It is not clear whether General Hayden referred at the briefing to the idea of warrantless eavesdropping. Parts of the letters from Ms. Pelosi and General Hayden concerning other specific aspects of the spy agency's domestic operation were blacked out because they remain classified. But officials familiar with the uncensored letters said they referred to other aspects of the domestic eavesdropping program.

Bush administration officials said on Tuesday that General Hayden, now the country's No. 2 intelligence official, had acted on the authority previously granted to the N.S.A., relying on an intelligence directive known as Executive Order 12333, issued by President Ronald Reagan in 1981. That order set guidelines for the collection of intelligence, including by the N.S.A.

"He had authority under E.O. 12333 that had been given to him, and he briefed Congress on what he did under those authorities," said Judith A. Emmel, a spokeswoman for the Office of the Director of National Intelligence. "Beyond that, we can't get into details of what was done."

So what is Executive Order 12333? Have a look for yourself. It mainly spells out the duties of various governmental agencies and heads of agencies involved in intelligence gathering, including the CIA, Departments of State and Defense and the NSA. In Part 2 of the order, however, we get to the meat of the matter:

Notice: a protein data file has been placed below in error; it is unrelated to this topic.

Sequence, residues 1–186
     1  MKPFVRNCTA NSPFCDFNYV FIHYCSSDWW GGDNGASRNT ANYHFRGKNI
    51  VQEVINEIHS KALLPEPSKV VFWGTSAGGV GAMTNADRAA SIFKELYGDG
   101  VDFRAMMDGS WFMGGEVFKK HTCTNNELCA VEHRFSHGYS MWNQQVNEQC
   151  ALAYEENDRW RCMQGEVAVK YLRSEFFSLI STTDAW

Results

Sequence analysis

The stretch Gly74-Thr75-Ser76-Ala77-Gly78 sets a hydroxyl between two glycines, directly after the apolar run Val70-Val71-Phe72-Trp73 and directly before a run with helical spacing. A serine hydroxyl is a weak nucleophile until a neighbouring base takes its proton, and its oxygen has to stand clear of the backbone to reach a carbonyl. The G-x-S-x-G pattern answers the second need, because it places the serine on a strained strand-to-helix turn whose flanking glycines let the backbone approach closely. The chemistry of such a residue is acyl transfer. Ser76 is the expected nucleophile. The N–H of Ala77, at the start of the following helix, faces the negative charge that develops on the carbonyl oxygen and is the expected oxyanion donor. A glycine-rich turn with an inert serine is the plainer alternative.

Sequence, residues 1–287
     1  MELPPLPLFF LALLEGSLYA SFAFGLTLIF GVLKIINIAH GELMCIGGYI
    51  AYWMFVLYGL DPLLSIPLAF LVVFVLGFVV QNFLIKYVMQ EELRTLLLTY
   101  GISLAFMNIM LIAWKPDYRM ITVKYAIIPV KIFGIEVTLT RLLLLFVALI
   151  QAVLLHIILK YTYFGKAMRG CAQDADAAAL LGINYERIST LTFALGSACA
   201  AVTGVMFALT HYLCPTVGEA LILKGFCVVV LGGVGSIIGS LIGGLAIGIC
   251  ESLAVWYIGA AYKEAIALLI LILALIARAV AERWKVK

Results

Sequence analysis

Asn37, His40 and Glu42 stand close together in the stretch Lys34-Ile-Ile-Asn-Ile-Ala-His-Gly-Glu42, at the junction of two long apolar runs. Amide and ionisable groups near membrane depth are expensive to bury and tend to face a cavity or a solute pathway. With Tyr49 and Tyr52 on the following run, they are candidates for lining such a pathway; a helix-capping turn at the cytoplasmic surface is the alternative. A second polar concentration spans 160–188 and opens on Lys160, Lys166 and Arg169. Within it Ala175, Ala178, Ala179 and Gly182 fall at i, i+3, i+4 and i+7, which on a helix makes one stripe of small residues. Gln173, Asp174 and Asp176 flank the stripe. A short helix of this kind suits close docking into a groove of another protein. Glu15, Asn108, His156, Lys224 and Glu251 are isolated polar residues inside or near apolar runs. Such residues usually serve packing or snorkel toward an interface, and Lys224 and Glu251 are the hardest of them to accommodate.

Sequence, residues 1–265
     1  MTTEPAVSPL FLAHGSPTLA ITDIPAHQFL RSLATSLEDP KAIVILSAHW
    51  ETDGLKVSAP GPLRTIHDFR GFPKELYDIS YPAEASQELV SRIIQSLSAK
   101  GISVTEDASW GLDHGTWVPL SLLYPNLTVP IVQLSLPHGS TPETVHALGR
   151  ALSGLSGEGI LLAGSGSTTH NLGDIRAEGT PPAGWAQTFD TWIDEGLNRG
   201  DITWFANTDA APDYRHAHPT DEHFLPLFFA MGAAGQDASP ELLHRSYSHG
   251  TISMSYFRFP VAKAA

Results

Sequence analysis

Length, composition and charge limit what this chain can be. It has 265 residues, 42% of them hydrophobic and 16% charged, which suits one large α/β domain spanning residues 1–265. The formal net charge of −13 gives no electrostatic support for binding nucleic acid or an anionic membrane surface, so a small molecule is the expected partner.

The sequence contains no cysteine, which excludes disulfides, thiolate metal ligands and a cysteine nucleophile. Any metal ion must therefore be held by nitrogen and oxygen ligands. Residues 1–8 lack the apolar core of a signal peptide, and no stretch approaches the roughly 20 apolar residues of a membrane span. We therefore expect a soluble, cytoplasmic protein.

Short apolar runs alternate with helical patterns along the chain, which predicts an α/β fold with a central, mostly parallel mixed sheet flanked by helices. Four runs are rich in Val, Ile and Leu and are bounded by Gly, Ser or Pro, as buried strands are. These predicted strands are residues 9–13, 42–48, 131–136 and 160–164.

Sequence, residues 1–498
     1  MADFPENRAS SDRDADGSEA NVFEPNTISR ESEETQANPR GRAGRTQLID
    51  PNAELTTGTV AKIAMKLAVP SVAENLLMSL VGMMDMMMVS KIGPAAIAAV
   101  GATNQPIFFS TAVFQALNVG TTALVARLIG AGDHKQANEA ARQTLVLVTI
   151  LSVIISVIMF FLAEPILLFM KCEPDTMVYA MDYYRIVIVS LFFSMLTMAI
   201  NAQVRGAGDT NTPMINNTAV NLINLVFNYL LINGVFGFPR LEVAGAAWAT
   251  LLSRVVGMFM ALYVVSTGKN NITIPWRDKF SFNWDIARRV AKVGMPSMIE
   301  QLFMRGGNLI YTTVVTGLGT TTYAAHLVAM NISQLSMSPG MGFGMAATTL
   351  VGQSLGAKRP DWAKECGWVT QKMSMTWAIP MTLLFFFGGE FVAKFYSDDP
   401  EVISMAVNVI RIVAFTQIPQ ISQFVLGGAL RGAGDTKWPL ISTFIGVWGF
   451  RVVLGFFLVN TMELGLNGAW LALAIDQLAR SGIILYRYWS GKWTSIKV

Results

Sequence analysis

Conduct of Intelligence Activities

2.1 Need. Accurate and timely information about the capabilities, intentions and activities of foreign powers, organizations, or persons and their agents is essential to informed decisionmaking in the areas of national defense and foreign relations. Collection of such information is a priority objective and will be pursued in a vigorous, innovative and responsible manner that is consistent with the Constitution and applicable law and respectful of the principles upon which the United States was founded.

2.2 Purpose. This Order is intended to enhance human and technical collection techniques, especially those undertaken abroad, and the acquisition of significant foreign intelligence, as well as the detection and countering of international terrorist activities and espionage conducted by foreign powers. Set forth below are certain general principles that, in addition to and consistent with applicable laws, are intended to achieve the proper balance between the acquisition of essential information and protection of individual interests. Nothing in this Order shall be construed to apply to or interfere with any authorized civil or criminal law enforcement responsibility of any department or agency.